Pages 736 – 747: Office of the Principal Legal Advisor power point: Interviewing Aliens of Interest in National Security Cases, 2009
Do you have questions about deferred action. Use this resource from NILC before applying. Please seek the advice of an immigration attorney should you have ANY questions go to to find an immigration attorney http://www.ailalawyer.com/. Beware of scam artists and any body who promises fast processing or guaranteed acceptance.
Wendy Sefsaf, a spokeswoman for the D.C.-based Immigration Policy Center, which supports comprehensive immigration reform, commended the idea. “We don’t want to lose skilled workers after we’ve educated them. That’s crazy. Particularly when we’re talking about ways to stimulate the economy.”
Sefsaf said there’s long been concern on the part of immigration reform advocates to piecemeal out more politically palatable items, whether that be addressing the needs of highly-skilled workers, agricultural workers or college students.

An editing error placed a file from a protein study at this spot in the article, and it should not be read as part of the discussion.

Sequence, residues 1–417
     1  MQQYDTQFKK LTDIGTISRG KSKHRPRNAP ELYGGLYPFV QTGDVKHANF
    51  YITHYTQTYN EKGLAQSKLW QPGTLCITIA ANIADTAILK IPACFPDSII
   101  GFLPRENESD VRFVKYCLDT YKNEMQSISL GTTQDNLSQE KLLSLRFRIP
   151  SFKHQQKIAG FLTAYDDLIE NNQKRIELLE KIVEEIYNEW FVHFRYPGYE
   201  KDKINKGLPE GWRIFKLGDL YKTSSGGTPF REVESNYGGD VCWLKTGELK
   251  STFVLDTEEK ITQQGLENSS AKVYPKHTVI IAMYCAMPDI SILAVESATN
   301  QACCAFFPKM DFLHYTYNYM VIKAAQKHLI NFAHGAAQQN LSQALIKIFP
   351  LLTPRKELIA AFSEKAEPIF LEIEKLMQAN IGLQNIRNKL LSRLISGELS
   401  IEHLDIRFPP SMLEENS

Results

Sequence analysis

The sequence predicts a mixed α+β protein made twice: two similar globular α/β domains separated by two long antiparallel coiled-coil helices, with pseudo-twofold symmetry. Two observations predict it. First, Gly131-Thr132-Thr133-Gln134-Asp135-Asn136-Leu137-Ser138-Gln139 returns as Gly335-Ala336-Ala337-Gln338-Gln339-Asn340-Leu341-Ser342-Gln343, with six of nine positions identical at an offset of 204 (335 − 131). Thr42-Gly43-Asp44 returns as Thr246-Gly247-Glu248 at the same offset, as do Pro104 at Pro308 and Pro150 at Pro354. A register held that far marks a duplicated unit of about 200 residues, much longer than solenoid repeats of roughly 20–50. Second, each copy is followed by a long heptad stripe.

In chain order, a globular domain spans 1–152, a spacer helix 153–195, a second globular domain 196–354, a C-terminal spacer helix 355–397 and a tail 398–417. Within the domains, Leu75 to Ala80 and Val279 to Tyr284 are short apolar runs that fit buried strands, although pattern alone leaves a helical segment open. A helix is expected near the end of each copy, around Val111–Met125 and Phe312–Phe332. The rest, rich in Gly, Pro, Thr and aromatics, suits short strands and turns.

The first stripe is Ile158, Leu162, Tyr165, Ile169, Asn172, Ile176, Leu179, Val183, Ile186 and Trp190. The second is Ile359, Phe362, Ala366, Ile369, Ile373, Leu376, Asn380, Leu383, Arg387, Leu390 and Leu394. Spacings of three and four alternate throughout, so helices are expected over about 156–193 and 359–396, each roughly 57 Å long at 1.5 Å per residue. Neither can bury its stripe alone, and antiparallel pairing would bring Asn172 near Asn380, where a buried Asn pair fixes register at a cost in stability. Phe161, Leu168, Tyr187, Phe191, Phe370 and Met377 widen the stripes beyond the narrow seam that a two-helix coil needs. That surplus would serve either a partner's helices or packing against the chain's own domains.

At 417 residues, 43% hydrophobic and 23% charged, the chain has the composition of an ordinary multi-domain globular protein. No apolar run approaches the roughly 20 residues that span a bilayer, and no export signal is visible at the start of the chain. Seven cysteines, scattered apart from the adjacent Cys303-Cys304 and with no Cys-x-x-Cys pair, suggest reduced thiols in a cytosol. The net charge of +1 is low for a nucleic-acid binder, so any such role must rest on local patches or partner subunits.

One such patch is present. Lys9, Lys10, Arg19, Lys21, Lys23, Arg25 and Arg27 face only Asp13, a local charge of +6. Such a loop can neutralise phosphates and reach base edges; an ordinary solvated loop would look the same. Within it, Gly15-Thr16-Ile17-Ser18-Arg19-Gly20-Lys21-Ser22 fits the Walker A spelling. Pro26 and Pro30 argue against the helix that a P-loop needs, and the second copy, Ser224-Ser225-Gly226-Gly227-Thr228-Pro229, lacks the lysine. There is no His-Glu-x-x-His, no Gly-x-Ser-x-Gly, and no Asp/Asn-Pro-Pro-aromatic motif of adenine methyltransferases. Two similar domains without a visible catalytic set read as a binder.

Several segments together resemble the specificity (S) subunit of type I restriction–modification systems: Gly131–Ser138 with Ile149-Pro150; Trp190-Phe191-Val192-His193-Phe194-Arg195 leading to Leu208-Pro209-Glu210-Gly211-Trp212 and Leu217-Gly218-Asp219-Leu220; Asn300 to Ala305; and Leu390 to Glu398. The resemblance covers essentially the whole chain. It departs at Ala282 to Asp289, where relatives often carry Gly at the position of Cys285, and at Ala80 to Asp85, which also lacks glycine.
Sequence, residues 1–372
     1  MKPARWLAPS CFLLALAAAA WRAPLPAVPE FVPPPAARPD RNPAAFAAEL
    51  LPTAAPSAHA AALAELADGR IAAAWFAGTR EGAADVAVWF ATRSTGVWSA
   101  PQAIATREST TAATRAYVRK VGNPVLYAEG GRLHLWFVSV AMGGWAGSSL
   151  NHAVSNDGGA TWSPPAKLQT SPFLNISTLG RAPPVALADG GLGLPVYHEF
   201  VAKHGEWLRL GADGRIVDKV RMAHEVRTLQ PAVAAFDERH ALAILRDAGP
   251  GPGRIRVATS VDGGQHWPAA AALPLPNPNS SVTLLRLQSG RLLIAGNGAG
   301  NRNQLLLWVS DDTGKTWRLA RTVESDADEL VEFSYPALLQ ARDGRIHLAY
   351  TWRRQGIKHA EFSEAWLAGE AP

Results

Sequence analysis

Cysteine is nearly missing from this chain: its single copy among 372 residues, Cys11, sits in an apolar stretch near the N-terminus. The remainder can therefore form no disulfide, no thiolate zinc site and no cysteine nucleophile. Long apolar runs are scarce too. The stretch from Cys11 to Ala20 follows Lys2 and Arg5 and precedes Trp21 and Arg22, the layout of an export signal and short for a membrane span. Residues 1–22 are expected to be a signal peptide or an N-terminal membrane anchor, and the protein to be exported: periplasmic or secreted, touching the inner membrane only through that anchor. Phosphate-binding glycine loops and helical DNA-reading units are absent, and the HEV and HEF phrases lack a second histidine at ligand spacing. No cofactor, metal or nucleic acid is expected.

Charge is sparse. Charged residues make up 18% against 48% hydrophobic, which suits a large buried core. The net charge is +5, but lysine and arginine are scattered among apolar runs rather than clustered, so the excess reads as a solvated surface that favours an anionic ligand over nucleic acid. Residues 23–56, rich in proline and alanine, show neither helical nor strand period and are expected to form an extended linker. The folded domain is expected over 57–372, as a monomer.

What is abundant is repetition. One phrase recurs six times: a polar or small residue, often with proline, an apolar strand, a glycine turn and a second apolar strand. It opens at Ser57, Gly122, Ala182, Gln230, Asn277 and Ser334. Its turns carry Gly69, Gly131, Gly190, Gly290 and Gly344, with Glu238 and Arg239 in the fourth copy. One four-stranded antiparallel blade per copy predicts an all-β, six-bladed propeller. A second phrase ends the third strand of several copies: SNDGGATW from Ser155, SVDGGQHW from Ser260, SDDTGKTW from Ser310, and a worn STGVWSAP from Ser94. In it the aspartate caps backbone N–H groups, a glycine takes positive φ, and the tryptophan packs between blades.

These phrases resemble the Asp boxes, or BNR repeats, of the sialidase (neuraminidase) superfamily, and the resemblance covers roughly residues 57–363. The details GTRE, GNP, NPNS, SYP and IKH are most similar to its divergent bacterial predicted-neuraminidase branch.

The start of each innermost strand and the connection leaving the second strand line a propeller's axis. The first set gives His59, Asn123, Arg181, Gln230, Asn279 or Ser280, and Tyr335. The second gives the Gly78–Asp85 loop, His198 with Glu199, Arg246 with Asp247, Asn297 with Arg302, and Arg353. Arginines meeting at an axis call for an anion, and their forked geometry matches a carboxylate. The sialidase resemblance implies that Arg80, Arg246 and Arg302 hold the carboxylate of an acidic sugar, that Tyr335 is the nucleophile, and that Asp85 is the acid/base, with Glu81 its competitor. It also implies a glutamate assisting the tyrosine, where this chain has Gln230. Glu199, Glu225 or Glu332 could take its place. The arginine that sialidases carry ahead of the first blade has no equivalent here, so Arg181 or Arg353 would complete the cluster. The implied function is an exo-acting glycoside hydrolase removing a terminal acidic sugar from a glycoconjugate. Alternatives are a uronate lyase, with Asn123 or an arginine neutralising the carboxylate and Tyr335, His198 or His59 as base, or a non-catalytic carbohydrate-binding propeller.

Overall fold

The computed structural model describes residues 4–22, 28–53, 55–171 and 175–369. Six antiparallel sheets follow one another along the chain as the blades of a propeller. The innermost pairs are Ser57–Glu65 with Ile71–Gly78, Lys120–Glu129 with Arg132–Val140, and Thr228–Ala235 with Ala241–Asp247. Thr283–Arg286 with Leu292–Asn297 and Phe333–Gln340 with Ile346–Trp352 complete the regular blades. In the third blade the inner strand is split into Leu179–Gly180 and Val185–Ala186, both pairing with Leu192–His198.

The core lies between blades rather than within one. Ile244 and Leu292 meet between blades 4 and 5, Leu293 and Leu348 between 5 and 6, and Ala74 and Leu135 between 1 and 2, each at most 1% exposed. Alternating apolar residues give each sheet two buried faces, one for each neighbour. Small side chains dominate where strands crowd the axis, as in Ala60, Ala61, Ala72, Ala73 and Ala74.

But now, she said, “It’s hard to say what will happen in this new Congress and whether there will be more of an appetite for piecemeal. If Flake had the wind at his back and lots of people supporting him, we would bring to bear what we could to make those things happen.”
This issue covers recently filed lawsuits involving access to counsel at immigration interviews, abuse of minors in detention, and the border fence between the U.S. and Mexico. The newsletter also includes updates on the Duran Gonzales class action in the Ninth Circuit (involving 245(i) and I-212s), Matter of Blake litigation, and the class action suit to restore SSI benefits for refugees and asylees.